Saturday, April 5, 2014

Lead with the Learning

In the last month, I have met with legislators and policy makers in both D.C. and Montgomery, Alabama. I have spent much time in reflection on what we as educators can do to make a difference for our students (See Can One Person Make a Difference?) In all the (mostly) ups and (rather few) downs, I have emerged with one thought that was shared by State Superintendent, Dr. Tommy Bice: Always lead with the learning. He shared this in the context of speaking with non-educators, policy makers, and legislators, but I believe that this phrase has much greater ramifications on the mission and vision of an educator.

As educators, all decisions that we make must always be focused on positively impacting student learning whether we are discussing instructional practice, professional development, or logistical planning within a school or district. Everything needs to be focused on student learning.

It is human nature to become creatures of habit. We find a lesson, strategy, or management technique that works and we tend to stick with it for years even when it proves unproductive. Many times we want to make a square peg into an ever-shrinking round whole. What we really need to do is pause and evaluate if that practice is not only effective, but also supports students in their academic and personal goals. Are we leading with the learning?

My intern (who has been doing a fantastic job) often asked me how to adjust her management techniques to support certain students. I asked her to explain her rationale behind the choices she had been making. Once she reflected on it, she realized that she was simply imitating something she had observed rather than thinking about how her choices would impact student learning. I recommended she speak with the students to see what they suggested. What she discovered was that students knew what would help hold them accountable for making good choices and getting the most learning out of each of the opportunities that she provided. She began leading with the learning.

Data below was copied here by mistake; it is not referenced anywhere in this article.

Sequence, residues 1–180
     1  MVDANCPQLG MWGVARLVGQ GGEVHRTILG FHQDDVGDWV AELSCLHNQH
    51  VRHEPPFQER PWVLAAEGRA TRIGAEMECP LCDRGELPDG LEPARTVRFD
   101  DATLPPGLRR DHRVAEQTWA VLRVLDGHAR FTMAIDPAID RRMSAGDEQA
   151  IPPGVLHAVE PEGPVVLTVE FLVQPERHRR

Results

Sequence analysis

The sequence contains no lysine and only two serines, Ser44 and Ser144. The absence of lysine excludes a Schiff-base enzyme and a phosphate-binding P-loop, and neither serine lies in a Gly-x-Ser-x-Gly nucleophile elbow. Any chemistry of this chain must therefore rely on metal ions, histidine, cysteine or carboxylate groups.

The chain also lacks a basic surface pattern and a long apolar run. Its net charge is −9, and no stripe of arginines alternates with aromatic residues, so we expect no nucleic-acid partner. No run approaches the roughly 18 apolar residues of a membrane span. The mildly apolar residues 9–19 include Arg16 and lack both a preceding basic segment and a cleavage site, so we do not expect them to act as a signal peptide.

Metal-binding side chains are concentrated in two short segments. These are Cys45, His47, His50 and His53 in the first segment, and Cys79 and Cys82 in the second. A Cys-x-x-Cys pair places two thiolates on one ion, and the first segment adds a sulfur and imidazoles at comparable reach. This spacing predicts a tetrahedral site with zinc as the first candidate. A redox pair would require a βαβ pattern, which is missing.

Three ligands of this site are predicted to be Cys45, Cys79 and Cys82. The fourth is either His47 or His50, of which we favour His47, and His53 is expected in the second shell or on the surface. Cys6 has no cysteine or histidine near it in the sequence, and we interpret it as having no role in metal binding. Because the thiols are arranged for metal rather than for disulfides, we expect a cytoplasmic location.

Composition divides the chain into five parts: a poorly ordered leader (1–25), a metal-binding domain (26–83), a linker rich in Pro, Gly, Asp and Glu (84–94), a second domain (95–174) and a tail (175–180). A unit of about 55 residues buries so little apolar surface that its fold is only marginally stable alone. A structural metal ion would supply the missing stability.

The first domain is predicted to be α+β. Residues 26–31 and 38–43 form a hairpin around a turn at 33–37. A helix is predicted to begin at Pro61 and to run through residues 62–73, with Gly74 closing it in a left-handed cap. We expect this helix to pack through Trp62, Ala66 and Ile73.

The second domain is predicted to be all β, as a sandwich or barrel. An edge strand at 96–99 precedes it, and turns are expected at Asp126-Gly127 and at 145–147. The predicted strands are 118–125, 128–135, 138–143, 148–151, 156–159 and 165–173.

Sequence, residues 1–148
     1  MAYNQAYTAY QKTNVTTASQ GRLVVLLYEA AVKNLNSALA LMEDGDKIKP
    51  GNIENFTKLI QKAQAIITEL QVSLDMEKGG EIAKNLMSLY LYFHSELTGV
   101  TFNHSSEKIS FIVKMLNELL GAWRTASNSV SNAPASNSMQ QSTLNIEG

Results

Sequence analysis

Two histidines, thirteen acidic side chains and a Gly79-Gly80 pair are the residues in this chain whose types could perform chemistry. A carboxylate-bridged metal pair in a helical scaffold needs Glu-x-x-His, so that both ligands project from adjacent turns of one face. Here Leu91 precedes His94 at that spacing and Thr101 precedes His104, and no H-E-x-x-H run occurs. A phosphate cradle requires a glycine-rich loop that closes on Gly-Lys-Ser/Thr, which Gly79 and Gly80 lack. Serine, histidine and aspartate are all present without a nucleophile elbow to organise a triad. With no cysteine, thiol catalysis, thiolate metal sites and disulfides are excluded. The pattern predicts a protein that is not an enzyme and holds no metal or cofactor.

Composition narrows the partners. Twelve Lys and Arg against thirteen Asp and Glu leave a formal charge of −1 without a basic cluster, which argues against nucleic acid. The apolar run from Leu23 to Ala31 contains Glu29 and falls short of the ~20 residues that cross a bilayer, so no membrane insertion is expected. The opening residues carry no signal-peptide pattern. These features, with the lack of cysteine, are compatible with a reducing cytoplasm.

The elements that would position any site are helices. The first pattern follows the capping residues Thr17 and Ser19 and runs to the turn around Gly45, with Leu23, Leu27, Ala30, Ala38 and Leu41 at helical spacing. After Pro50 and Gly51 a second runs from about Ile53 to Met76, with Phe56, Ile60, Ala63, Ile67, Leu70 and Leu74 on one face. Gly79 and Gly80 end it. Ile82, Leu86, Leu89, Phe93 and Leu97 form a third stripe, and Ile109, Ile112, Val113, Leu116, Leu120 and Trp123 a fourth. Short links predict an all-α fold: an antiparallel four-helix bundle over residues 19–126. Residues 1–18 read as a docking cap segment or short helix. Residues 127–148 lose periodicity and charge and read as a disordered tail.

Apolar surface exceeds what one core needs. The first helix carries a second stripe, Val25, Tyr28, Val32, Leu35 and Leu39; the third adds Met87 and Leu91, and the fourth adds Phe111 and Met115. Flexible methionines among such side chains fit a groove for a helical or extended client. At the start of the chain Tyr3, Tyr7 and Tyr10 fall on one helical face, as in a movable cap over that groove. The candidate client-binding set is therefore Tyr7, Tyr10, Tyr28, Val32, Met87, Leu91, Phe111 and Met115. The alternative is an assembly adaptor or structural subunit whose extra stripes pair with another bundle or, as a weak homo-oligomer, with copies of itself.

In our PLG meetings, are we making choices about our practice based on what's easiest for us or best for student learning? Taking the time to plan hands-on, cross-curricular activities or experiential learning experiences off campus or supporting student-created and driven learning activities all take time, planning, and resources. But, are we making decisions based on the learning or some less important factors. We must always lead with the learning at the forefront of all decision making processes.

In my aforementioned post, I wondered if I was accurately teaching my students that one voice can make a difference. To the best of my abilities, I try to lead by example. Following Dr. Bice's advice, I try to always lead with the learning when speaking with our policy makers and legislators. This week, I was fortunate to see a how leading with the learning intrigued legislators we spoke with last year. Several of these legislators had spent time seeking out the National Board Certified Teachers in their districts. They spoke with these teachers and visited their classrooms. They were able to see how accomplished teachers lead with the learning and the positive impact it truly has on each individual student's learning. These legislators have embraced the powerful learning that is possible and they have been actively seeking new ways to support it within their districts.

Lead with the learning is a mantra that educators can embrace in all aspects of their professions; one that can greatly impact not only the students directly in one's classroom, but have far reaching ramifications. So next time we each have a choice to make, whether big or small, let's take a moment to ask ourselves, are we leading with learning? If not, maybe it's time to stop forcing that square peg to fit that round hole and step out of our comfort zones and try something new.

photo credit: paul bica via photopin cc

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